William Bennett–former U.S. secretary of education under President Ronald Reagan–has decided that the teachers who demonstrated with walkouts across the country and the public schools they serve should not “use children as leverage for the gains of others.”
In an opinion piece for Education Week co-authored with Karen Nussle and entitled, “No, Teacher Strikes Do Not Help Students,” they write: “Let’s be honest and recognize that the past weeks have not been about serving students, but rather pursuing financial ends, thus hurting the cause of professionalism. There is a time, place, and manner for these fiscal discussions. Strikes during the school year are not it….No other professionals have a summer in which they can pursue their financial goals or other endeavors.”
Bennett now serves as chair of a nonprofit called Conservative Leaders for Education, in which Nussle serves as president.
The two also repeat a popular refrain heard from Gov. Greg Abbott and Lt. Gov Dan Patrick here in Texas, that state government doesn’t control pay increases, which are a result of local school district decisions. They write: “In Colorado, state legislators do not set teacher salaries—that is the role of the local school boards. But the walkout organizers in Colorado clearly think they can maneuver a sweeter deal through disruption, regardless of the consequences for the state’s children and families.”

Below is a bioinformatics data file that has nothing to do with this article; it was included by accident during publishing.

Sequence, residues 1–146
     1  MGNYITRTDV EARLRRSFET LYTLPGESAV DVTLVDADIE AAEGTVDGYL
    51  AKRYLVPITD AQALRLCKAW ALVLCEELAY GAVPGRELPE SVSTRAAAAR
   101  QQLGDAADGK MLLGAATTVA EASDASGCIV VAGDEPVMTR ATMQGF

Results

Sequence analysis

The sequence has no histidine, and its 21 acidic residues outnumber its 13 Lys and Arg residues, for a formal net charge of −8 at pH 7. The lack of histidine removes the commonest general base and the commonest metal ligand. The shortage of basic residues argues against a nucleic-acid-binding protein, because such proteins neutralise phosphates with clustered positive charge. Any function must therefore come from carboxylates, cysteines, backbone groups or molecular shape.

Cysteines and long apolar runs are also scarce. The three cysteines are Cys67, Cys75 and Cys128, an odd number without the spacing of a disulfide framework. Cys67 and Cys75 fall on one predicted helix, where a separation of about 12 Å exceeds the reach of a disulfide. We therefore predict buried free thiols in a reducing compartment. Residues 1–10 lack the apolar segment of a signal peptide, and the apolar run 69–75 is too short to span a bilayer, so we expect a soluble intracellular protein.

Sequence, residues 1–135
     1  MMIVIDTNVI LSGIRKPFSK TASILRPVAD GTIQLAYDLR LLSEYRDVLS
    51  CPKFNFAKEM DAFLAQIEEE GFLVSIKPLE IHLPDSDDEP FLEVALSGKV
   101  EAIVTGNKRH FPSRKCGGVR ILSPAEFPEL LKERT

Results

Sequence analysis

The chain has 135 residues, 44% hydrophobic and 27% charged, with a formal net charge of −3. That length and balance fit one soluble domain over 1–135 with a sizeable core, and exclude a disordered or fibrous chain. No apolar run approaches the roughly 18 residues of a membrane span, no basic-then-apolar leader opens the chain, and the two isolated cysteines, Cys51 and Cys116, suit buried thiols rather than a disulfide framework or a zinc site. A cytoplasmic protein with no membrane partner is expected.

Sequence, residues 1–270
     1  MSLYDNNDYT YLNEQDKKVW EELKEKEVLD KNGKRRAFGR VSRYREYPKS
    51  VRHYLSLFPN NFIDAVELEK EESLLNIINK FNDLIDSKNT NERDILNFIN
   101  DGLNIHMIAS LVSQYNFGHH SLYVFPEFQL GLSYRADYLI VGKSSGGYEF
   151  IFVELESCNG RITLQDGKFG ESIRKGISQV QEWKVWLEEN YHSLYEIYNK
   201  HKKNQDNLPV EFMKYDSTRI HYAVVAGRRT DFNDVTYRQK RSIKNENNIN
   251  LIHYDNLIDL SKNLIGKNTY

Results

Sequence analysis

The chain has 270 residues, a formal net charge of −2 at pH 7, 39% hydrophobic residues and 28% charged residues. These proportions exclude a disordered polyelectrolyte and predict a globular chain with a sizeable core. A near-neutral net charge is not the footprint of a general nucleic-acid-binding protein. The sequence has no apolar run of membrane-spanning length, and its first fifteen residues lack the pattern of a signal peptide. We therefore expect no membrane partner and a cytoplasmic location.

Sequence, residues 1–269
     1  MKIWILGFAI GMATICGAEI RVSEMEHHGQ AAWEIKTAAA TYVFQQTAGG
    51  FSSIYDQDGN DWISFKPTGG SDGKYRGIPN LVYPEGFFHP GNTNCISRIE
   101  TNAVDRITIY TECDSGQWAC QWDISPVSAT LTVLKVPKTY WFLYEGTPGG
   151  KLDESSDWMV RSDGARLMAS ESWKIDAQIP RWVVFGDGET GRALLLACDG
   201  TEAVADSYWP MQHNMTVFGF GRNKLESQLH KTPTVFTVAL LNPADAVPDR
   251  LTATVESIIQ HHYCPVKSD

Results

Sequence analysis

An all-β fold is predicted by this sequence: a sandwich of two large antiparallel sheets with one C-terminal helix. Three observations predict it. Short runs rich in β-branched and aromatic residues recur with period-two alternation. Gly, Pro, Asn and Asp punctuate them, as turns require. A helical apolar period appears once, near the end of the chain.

What they are conveniently not mentioning is that state funding directed to districts–in both Colorado and Texas, as well as most states–has a direct impact on how much districts can afford to pay their school employees. A $1.8 billion school finance package with per-pupil funding increases out of the Texas House last session would have significantly improved chances for local pay raises or contributions to employee health plans, but the bill was blocked by state Senate leadership (Patrick) intent on passing a private-school voucher plan.
Patrick then concocted a meaningless pay raise scheme that would have attempted to mandate pay raises at the district level with no new state funding to pay for them. (Then he lied on the campaign trail, claiming he pushed for a $10,000 teacher pay raise.) Texas actually has a long history of actions in the state Legislature that have funded teacher pay raises, and we’ll cover that history more in upcoming Hotlines.
If you’re in a mood to boil your blood, you can read more of the absurdity from Bennett and Nussle here. But also take note that, fortunately, their opinions are in the minority. National and state polls gauging the public reaction to teacher walkouts have shown overwhelming support for the actions.